Fundraising Ideas

It can be said that the life blood of any nonprofit is it’s ability to raise funds! Fundraising is part art and part science and you have to be able to find the right combination within your board, clients you serve and within the community you serve, in order to make it work. There is no one size fits all solution.

How One Donor Spends $50,000 Annually With Planned Gifts Of Over $1 Million

Be Cautious! Don’t Prostitute Your Good Nonprofit Name

A good fundraising event should provide more than an opportunity to just raise funds!
In fact, if money is all you raise, your campaign may not be as successful as you think it is in the long term.
Despite what some may tell you, there is no one guaranteed sure-fire method of raising funds for your nonprofit. No one model or idea is perfect for all occasions, and what works in your city or town may flop in another. The following information will help you focus your energies in the right direction to get the best results!



Reality Check: A recent survey showed that the average amount of time volunteers spent doing board work was only eleven (11) hours in a year. Staff needs to make sure every hour counts!

If your organization does not have enough money to carry out your mission, the ultimate fault falls on the board’s shoulders! Let me assure the reader that I am in full agreement with most that fundraising should be a joint responsibility by both board and staff. However, in most cases I find boards often try to pass off the responsibility of fundraising to only a select few board members or to the staff itself. Most boards and people in general feel very uncomfortable when talking about fundraising. Some boards want to ignore the fact of needing money altogether and want the staff to find money or just apply for grants to solve the problem and not bother the board.

Grant monies are and always should be seen as temporary sources of funding, understanding that those funds may go away at any time. Likewise, nonprofits should not get in the game that is sometimes played by chasing after the grant. Some organizations have taken a dangerous path that leads to self-destruction. These organizations lose all focus on their current mission and allow themselves to chase grants and mold themselves into whatever the specific grant calls for in order to get funding.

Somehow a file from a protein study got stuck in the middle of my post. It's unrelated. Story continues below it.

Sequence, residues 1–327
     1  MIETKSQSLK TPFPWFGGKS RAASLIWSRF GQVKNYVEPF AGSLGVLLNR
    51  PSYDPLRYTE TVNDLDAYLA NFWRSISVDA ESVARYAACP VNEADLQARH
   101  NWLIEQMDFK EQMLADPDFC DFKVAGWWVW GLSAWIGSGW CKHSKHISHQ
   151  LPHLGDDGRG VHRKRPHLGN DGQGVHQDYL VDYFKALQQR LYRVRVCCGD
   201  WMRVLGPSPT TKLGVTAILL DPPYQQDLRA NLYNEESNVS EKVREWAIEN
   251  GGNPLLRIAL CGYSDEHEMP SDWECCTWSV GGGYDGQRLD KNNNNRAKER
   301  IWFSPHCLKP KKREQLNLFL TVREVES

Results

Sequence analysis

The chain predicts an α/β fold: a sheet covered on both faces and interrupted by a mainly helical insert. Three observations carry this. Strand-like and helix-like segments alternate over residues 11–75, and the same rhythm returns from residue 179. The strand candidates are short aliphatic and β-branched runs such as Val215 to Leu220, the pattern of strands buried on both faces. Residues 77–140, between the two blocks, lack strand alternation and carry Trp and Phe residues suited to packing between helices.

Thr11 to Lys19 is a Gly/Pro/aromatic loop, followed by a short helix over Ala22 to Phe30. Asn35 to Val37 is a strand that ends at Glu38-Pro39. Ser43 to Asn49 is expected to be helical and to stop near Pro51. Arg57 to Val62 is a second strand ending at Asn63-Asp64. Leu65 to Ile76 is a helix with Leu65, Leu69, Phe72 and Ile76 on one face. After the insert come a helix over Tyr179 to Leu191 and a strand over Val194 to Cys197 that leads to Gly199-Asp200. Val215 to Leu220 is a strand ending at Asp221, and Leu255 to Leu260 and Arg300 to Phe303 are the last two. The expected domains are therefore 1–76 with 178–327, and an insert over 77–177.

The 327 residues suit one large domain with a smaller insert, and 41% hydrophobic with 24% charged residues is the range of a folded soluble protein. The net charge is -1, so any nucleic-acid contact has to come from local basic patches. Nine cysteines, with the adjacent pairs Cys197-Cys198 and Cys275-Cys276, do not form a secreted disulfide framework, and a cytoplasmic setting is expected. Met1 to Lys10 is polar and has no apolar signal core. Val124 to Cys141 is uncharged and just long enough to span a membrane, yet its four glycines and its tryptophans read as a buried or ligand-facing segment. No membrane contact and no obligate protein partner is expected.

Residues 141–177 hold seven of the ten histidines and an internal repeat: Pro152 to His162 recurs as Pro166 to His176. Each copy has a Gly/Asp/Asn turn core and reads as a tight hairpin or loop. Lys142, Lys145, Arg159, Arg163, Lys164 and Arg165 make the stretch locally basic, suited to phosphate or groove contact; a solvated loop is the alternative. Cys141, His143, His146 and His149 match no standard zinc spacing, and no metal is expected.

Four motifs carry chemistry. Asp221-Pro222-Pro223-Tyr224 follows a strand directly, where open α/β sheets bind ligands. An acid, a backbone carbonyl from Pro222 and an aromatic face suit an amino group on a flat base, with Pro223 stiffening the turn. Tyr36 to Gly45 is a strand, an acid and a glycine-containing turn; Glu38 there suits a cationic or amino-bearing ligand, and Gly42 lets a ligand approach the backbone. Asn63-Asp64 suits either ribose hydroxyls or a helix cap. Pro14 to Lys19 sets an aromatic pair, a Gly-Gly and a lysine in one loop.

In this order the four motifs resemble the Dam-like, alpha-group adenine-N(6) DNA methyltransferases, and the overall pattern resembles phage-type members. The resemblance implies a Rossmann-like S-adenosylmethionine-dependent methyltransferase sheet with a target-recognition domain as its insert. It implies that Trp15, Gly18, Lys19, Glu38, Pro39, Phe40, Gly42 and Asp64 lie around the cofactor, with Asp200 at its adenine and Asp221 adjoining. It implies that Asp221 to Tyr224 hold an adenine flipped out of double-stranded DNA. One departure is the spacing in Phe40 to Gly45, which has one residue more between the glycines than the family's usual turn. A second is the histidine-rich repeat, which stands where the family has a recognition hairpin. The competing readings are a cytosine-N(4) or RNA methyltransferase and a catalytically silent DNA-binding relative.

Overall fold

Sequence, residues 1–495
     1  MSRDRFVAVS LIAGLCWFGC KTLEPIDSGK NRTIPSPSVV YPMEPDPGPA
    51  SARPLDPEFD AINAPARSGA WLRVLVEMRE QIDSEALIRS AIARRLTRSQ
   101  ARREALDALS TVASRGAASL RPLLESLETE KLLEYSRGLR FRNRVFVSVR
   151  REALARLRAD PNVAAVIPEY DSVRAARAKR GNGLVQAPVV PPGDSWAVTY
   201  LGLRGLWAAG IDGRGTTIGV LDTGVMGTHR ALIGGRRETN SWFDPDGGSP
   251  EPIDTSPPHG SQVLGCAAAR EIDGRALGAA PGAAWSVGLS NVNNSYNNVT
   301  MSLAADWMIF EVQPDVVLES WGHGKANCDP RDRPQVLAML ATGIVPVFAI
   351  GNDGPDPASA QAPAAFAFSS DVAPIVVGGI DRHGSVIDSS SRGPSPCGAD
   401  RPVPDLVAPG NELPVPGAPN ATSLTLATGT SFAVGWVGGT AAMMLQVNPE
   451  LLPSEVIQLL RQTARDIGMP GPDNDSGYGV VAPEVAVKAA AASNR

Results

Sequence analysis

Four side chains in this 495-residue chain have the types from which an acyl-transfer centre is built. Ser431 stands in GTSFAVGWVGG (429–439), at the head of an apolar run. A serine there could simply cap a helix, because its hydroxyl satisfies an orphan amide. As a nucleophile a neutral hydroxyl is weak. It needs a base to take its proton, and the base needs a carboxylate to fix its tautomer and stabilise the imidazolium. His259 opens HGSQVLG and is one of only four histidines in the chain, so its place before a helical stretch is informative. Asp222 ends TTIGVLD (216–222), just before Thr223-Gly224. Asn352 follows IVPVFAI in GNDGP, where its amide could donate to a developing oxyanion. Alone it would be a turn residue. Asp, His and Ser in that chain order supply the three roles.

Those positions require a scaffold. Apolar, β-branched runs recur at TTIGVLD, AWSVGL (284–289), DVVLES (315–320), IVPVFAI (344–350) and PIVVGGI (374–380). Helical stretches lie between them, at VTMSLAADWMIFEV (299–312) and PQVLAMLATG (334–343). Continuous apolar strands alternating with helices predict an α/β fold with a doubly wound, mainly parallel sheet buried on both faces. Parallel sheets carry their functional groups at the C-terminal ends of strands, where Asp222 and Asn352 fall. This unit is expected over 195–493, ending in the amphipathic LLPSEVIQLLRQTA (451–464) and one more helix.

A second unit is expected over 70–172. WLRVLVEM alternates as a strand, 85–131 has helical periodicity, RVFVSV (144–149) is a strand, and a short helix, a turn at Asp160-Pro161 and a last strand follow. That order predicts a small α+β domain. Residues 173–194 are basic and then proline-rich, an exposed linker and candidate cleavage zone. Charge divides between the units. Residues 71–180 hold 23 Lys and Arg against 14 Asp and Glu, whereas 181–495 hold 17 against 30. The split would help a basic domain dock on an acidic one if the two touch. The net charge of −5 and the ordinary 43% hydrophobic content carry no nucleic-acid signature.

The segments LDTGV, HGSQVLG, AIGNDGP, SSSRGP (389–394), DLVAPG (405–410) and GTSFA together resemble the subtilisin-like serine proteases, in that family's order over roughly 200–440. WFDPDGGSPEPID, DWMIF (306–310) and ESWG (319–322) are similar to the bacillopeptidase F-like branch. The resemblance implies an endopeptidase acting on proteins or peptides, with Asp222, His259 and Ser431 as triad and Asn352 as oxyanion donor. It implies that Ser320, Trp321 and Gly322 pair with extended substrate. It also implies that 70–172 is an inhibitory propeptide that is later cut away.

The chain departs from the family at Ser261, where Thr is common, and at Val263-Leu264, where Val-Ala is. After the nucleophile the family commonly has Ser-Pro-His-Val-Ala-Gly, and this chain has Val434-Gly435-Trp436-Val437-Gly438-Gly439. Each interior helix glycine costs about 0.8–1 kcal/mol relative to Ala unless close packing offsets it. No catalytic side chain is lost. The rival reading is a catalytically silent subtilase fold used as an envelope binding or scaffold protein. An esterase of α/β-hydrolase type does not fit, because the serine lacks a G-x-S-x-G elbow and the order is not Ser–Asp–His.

Likewise, private foundations are also becoming very restrictive and often times ask specific questions in their grant application as to what percentage of the board is giving and/or what amount of dollars both the board and community give to the current program – trying to weed out organizations that are not serious but just looking for an easy way to get funding.

Overall, fundraising is a major component of what a board’s role is all about. How well an organization is funded determines how extensive their programs can be for their community.

While there are countless ways to raise money these are some of the basic methods:

Annual Campaigns to raise money for operating expenses – Many times this takes the form of a “friends of” program.

Special Events to raise monies for annual operating expenses – These events are often thought of in the community as the organization’s “signature fundraiser.”

Capital Campaigns to raise money for new brick and mortar projects or to replace or upgrade existing facilities.

Planned Giving to help secure the organization’s future.

More and more nonprofits are starting to understand the importance of starting an endowment fund, either their own or through a local community foundation. Starting a fund requires a big commitment of belief by both the board and staff of a nonprofit. A commitment like this, in many cases, is so hard to get because it requires individuals to think first beyond themselves and secondly to think beyond today or even tomorrow and into the future. Establishing an endowment account is taking an active role in securing your nonprofit’s own future! There will always be nay sayers in any organization that will tout the fact, which is true in almost every nonprofit: “We need the money now.” Another common statement made, which mostly comes from fear of making a mistake, is one that says: “We can’t afford to start an endowment account now, let’s wait until later.”

Direct Marketing – In most cases all of these are ways to reach large numbers of people and ask for relatively small donations from each.

  • Direct Mail (newsletters and/or individual solicitation letters)
  • Telephone Campaigns (telemarketing)
  • Paid Advertising (newspaper, radio, TV.)